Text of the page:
Learn Arabic with our growing repository of free, practice lessons, designed to improve your reading, writing, listening and speaking skills.

Learn Arabic at your level and pace

The self-study, Arabic lessons in these sections are written and organised by levels based on the Common European Framework of Reference for languages (CEFR). There are different types of texts, recordings and videos with interactive exercises and worksheets that practise the skills you need.

Choose the skill you want to practise today and learn Arabic at your own speed, whenever it’s convenient for you.

Select your level, from beginner Arabic level (A1 – A2) to advanced Arabic level (C1 – C2).

For the best results, you need to be familiar with the Arabic alphabet. If you haven’t already, start with our workbook here.


Here you can find activities to practise your reading skills. Reading will help you to improve your understanding of the Arabic language and build your vocabulary.


Here you can find activities to practise your writing skills. You can improve your writing by understanding model texts and how they are structured.


Here you can find activities to practise your listening skills. Listening will help you to improve your understanding of the Arabic language and your pronunciation.


Here you can find speaking activities. You can improve your speaking by noticing the language we use in different situations and practising useful phrases.

Just starting to learn Arabic?

English speakers are often overwhelmed by the mere sight of Arabic letters, which at times may seem more like a half-finished painting of fiery dragons and mythical sea monsters than as a legible writing system. Unlike English, Arabic letters are written from right to left and may morph into each other, depending on their position in the word. Arcana’s Guide to the Arabic Alphabet uses mnemonic devices or visual aids, audio pronunciation and a plethora of reading and writing exercises to help you remember the Arabic letters in a matter of hours.

Guide to the Arabic Alphabet Cover Image Arabic Letters

Learn Arabic with our digital courses in 20 minutes a day

Learning a dialect makes it easier to interact with others especially if you’re surrounded by Arabic speakers. Our digital courses are a great way to learn Arabic especially if you’re focused on speaking and understanding colloquial Arabic.


No, it is not a course. The Skills page gives you a wide variety of learning activities organised by level to help you learn Arabic.

There is no syllabus to follow or suggested study plans, and you are responsible for choosing suitable materials for your level.

If you are looking for structured learning through self-study digital courses or one-to-one classes with private teacher, we offer a selection of online classes and courses.

These practice lessons were designed for adult learners who want to improve their Arabic language skills online.

Since our digital courses focus on spoken Arabic, they prioritise speaking and listening. The skills-based lessons, on the other hand, focus on reading and writing in Modern Standard Arabic instead.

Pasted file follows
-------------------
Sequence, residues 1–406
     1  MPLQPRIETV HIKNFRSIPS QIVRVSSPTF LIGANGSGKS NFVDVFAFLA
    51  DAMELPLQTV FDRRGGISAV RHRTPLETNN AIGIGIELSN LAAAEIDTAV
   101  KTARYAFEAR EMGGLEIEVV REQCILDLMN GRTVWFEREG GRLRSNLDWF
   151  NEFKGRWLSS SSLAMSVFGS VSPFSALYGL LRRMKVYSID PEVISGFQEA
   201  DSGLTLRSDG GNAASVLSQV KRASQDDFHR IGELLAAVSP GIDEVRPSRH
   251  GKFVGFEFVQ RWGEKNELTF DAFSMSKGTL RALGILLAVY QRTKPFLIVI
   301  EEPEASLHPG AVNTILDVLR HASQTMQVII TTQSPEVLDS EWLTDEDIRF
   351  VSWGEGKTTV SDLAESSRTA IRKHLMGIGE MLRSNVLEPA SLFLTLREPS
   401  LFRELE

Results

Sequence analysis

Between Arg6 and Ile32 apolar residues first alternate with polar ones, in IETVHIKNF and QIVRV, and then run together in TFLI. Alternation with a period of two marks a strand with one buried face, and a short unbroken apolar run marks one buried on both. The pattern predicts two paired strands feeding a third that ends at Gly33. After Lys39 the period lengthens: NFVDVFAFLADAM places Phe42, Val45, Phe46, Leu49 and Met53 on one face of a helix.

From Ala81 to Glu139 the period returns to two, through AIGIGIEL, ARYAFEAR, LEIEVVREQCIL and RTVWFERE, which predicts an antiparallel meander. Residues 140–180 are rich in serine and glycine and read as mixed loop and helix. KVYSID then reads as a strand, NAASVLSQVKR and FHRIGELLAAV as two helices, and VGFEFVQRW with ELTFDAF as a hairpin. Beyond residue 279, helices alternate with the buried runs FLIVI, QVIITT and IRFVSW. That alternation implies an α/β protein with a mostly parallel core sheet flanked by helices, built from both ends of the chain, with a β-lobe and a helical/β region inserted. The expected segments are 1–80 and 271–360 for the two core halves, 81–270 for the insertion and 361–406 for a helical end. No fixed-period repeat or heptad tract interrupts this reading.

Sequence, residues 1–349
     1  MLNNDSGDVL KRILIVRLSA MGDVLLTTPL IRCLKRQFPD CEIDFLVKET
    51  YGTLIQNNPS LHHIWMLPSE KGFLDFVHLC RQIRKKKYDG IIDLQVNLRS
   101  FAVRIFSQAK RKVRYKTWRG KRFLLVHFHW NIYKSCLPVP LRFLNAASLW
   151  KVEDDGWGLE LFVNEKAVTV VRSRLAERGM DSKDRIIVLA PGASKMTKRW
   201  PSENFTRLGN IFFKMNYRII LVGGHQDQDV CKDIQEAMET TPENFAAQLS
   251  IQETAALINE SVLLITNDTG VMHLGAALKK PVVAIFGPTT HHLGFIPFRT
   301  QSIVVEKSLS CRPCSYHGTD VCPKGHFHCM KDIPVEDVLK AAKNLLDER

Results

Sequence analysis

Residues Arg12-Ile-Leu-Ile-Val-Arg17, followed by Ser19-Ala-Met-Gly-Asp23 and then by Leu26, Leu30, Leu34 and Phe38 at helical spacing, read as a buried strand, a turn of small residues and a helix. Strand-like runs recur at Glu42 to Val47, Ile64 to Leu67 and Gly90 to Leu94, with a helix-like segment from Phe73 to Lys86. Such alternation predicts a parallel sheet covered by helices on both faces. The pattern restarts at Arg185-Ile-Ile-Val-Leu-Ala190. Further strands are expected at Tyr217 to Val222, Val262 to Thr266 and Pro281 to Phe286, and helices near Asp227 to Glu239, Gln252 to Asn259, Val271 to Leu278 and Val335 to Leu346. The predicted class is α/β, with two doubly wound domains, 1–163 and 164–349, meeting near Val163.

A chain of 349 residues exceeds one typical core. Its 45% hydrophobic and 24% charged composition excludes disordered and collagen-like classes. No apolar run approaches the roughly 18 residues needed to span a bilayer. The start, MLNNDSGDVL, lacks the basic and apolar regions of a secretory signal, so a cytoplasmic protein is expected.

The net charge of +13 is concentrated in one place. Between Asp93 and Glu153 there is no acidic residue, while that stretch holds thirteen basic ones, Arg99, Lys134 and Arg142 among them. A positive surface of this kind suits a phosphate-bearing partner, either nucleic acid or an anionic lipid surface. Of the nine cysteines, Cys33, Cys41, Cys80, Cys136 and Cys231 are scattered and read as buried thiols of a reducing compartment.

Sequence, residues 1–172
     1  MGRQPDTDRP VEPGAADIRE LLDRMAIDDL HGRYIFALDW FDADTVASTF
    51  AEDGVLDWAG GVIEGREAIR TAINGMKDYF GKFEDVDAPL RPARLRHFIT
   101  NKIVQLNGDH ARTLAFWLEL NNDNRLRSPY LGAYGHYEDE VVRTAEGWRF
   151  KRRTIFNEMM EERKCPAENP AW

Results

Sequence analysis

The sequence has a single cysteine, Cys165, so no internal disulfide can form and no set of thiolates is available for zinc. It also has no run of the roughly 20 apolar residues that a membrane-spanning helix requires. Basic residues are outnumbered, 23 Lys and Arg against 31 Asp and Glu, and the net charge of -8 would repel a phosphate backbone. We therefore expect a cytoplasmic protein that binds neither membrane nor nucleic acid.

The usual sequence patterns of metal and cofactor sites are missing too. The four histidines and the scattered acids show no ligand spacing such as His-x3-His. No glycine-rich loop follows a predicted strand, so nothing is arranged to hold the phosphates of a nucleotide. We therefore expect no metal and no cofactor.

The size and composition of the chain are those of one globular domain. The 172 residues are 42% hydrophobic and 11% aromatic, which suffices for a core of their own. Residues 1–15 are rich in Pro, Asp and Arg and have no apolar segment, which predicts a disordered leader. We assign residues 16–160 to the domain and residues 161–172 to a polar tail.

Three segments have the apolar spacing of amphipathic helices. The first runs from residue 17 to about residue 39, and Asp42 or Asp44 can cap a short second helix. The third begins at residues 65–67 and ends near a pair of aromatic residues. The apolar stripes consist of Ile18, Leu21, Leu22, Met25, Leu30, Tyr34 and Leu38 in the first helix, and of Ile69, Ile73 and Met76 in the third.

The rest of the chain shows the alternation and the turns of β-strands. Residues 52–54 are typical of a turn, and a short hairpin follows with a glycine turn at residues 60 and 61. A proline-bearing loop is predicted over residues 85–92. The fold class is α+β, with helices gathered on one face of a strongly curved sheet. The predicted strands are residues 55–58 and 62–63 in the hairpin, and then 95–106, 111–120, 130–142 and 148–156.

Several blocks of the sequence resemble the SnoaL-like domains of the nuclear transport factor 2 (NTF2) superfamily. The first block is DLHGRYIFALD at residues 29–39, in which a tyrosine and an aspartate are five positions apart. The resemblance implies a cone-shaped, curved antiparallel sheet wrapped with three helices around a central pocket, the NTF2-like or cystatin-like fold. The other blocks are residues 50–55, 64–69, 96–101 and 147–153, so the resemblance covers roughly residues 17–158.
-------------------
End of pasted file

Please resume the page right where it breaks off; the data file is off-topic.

As a prerequisite, you only need to know the alphabet to learn Arabic for free.

All the learning materials on the Skills and Resources pages are free of charge. You don’t need to have an AOS account to access them.

Only our digital courses require an account and a subscription.

Yes, all the learning materials are organised by Arabic level based on the Common European Framework of Reference for languages (CEFR).

There are different types of texts, audio recordings and videos. All the activities have interactive exercises to support your learning and check your understanding.

Yes, but this is limited to watching videos and listening to Arabic to help you notice the language we use in different situations.

To really put your Arabic speaking into practice, you need to speak to other learners and ideally to a teacher who can correct your mistakes and advise you on how to improve your speaking and pronunciation.

Additionally, with Standard Arabic, you’ll be able to understand the news and media but you won’t be able to interact with other Arab speakers. For that, you have to learn colloquial (spoken) Arabic.

Our digital courses were designed with just this in mind. We focus solely on listening and speaking a dialect of colloquial Arabic.

You won’t need to. The individual lessons are self-contained with embedded quizzes that will give you instant feedback. You don’t need to do the lessons sequentially.

Our digital courses keep track of your progress since they are sequential with mandatory tests and certification.

All the practices lessons on the Skills page are in Modern Standard Arabic, which is mainly a formal literary language. The only prerequisite you will need is to be able to read and write the Arabic Alphabet.

You can start with the Guides section. There you will find a workbook for the Arabic alphabet as well as audio phrases and articles written especially for a compete beginner. As soon as you finish the workbook, you can start working on improving your skills starting from A1.